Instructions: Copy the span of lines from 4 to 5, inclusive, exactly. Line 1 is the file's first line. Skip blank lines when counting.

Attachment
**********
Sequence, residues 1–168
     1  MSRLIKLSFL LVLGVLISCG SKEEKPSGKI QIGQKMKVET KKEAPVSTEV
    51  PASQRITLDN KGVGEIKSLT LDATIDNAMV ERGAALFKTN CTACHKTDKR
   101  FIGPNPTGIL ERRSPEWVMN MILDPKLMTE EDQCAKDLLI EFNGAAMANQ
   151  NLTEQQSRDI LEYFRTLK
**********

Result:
   101  FIGPNPTGIL ERRSPEWVMN MILDPKLMTE EDQCAKDLLI EFNGAAMANQ
   151  NLTEQQSRDI LEYFRTLK